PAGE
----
Red Christmas Movie Review
Written by Simret Cheema-Innis
Released by Red Christmas
Written and Directed by Craig Anderson
2016, 82 minutes, Not yet rated
Dee Wallace as Diane
Sarah Bishop as Suzy
Geoff Morrell as Joe
David Collins as Peter
When a holiday season-themed horror movie comes along, you know it’s going to end up as a merciless journey into absolute carnage. The juxtaposition of merry, happy sentimental moments, strewn with agony and trauma poses a question. Is it better to live or die after epic misfortune?
The story itself is rather gripping from start to finish with an opening sequence taking place twenty years previous with various pieces of news footage depicting protesters outside an abortion clinic and then finishing a report of one such clinic that has been bombed.
Now in the present day, a family reunites at Christmas with sibling rivalry and tensions brewing on the surface. The matriarch of the family, Diane just wants them to have a good Christmas, after all it’s their last before she sells the family home and goes travelling. She faces austerity from her pregnant daughter Ginny who feels like she’s being abandoned and can’t understand why her mother wants to leave. Her other daughter Suzy, however, is a staunch Christian and with her priest husband are more understanding as is her son Jerry who has Down’s Syndrome. Emotions are elevated and Diane desperately struggles to keep her family together and show that she loves them deeply.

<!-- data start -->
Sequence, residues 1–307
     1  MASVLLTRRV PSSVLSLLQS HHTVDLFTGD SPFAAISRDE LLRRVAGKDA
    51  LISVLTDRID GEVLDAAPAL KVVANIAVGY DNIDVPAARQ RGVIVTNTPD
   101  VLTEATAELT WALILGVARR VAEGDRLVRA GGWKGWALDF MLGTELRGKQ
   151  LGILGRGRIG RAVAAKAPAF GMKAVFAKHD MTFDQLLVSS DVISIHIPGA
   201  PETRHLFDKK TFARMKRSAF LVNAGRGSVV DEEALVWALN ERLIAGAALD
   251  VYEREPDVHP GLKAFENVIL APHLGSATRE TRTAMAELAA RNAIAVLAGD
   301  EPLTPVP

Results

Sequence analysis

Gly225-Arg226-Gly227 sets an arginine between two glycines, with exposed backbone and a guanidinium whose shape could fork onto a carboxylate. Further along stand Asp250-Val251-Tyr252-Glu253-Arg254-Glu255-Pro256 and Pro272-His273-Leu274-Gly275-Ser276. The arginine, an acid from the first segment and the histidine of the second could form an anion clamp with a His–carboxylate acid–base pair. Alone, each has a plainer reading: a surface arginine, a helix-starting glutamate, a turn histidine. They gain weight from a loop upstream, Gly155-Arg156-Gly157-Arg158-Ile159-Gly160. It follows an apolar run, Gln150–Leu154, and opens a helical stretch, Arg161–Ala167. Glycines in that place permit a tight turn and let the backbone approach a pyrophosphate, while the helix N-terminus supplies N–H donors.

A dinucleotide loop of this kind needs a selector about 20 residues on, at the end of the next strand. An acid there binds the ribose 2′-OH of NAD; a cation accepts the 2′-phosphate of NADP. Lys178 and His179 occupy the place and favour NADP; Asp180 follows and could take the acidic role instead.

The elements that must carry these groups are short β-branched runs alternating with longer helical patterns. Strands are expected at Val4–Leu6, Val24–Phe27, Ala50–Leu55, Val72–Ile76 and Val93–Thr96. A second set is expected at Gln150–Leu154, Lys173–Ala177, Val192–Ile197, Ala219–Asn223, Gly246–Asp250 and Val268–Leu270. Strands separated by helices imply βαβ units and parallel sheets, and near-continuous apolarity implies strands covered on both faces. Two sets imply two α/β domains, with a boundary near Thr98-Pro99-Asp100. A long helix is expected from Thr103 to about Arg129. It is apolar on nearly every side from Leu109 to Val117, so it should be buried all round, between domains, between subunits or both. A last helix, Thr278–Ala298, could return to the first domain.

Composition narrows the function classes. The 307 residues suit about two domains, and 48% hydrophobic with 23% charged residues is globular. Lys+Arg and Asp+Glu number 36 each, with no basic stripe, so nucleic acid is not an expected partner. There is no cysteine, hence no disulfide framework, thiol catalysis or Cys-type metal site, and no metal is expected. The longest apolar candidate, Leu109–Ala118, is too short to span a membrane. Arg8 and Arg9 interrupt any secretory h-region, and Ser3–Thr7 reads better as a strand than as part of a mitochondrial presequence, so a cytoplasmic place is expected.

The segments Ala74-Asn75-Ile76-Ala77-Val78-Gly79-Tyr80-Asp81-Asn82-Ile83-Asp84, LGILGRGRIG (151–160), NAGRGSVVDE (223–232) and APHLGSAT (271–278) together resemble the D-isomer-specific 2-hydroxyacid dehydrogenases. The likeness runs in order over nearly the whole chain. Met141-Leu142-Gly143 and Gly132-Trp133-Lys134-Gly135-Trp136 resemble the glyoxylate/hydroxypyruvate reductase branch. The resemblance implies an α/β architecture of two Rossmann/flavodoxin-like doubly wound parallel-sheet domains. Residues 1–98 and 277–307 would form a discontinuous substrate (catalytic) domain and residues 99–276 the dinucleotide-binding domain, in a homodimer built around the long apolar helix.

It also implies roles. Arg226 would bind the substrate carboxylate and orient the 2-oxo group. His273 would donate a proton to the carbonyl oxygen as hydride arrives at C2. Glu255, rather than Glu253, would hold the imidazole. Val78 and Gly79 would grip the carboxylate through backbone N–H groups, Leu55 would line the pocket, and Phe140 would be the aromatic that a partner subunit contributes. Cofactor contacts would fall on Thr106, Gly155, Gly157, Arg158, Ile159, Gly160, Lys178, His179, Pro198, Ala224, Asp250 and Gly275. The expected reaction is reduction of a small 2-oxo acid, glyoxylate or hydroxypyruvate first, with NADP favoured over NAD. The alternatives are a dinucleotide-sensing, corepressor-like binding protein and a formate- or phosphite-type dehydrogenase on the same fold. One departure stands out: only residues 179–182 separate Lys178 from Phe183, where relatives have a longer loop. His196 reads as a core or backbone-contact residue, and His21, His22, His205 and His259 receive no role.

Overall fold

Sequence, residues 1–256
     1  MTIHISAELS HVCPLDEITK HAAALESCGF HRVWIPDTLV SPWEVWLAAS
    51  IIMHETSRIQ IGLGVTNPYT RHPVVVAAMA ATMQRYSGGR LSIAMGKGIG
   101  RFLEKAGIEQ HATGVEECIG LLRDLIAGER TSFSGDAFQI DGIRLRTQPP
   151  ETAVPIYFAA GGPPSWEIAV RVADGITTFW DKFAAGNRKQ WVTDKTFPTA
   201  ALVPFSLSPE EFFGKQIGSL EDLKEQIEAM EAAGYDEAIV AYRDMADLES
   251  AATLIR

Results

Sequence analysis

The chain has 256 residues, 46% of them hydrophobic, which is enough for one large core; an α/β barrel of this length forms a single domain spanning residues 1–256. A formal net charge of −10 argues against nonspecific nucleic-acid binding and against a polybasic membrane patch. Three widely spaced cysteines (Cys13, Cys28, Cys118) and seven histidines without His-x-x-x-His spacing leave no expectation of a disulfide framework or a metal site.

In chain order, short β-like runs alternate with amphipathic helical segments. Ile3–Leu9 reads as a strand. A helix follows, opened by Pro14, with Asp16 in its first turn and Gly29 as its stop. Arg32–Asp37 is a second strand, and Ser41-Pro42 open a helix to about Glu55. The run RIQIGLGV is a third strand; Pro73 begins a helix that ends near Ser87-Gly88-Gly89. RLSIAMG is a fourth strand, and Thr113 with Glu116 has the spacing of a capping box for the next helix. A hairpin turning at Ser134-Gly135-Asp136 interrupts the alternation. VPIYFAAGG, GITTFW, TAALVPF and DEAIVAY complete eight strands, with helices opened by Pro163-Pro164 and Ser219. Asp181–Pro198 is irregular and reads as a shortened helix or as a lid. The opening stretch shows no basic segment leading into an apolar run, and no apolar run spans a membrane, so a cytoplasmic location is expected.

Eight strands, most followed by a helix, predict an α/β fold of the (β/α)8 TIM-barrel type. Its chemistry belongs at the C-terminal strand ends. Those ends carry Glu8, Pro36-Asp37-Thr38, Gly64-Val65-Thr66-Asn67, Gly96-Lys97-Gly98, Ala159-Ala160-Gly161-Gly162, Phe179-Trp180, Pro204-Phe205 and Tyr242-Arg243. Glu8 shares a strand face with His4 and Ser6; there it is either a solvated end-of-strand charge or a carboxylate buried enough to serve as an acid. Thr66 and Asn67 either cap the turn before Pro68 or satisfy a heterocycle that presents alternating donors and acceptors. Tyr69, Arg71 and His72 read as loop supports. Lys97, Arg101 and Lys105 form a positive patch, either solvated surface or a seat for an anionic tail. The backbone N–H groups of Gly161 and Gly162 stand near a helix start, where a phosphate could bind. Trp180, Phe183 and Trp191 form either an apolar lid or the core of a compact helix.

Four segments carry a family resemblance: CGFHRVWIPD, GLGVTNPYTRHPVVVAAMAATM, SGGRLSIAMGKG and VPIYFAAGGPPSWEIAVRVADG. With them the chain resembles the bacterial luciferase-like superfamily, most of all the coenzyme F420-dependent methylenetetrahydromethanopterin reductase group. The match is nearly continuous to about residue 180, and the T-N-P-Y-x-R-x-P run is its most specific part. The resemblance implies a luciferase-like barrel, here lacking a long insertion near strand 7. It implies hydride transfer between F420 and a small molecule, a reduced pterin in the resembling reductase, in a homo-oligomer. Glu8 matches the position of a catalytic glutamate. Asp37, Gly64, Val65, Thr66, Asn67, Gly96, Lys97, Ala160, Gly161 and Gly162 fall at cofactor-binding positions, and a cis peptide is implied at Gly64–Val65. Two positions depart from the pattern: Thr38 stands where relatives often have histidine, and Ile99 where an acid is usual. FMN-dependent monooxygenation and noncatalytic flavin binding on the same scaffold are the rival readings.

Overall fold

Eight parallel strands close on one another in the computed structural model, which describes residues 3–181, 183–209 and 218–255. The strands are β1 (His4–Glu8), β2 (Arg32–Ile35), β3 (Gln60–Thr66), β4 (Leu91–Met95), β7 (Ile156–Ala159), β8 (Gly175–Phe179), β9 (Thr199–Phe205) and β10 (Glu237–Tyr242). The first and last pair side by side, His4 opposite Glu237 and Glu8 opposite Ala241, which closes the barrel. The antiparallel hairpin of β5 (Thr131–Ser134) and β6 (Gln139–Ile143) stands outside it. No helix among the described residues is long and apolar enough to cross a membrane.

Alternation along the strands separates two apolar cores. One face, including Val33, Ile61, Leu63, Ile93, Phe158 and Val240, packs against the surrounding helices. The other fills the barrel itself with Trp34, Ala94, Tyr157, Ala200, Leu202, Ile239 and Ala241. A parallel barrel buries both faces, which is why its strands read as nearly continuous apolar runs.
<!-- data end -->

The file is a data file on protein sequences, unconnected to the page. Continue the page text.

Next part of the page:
But the family drama is soon disrupted by a strange visitor, a weird cloaked man who is in search of his own mother and a secret that will tear the whole family apart... literally.
Red Christmas is compelling viewing, a family drama with brilliant performances, especially by Dee Wallace in the role of Diane, a convincing mother, not just because she, like most mothers would defend her family to the hilt, but in how she reacts to the tragedy that has turned her world upside down. Here we have a psychological personification of a woman who has already loved, lost and continues to live life, but is forced to take the upper hand amongst the mayhem and has to control her emotions to save her family.
There’s a socio-realism aspect to the movie, director Craig Anderson pays careful attention to the family dynamics, each character is completely different with extremely subjective opinions that lead to explosive reactions. It shows that not every family gets along and can prejudice each other in the most aggressive of ways, but in this case religion and morality are the principle themes of the film. It also raises the question of whether past actions should have implications on the present and if so just where does the blame lay when the truth comes to pasture in devastating nature?
The home invasion angle, although quite cat and mouse, is still entertaining, the dialogue between characters, especially Jerry who plays a conscious young man - quite comedic at times - has a depth and realism that will connect with the audience.
Minus the gore, Red Christmas appears like a made for television drama or a film, that you’d see on True Movies. It’s sentimental viewing and all so very tragic that you’re left feeling saddened.
Red Christmas is a good lesson in character studies and how in life you really can’t choose your family, especially when you cross them.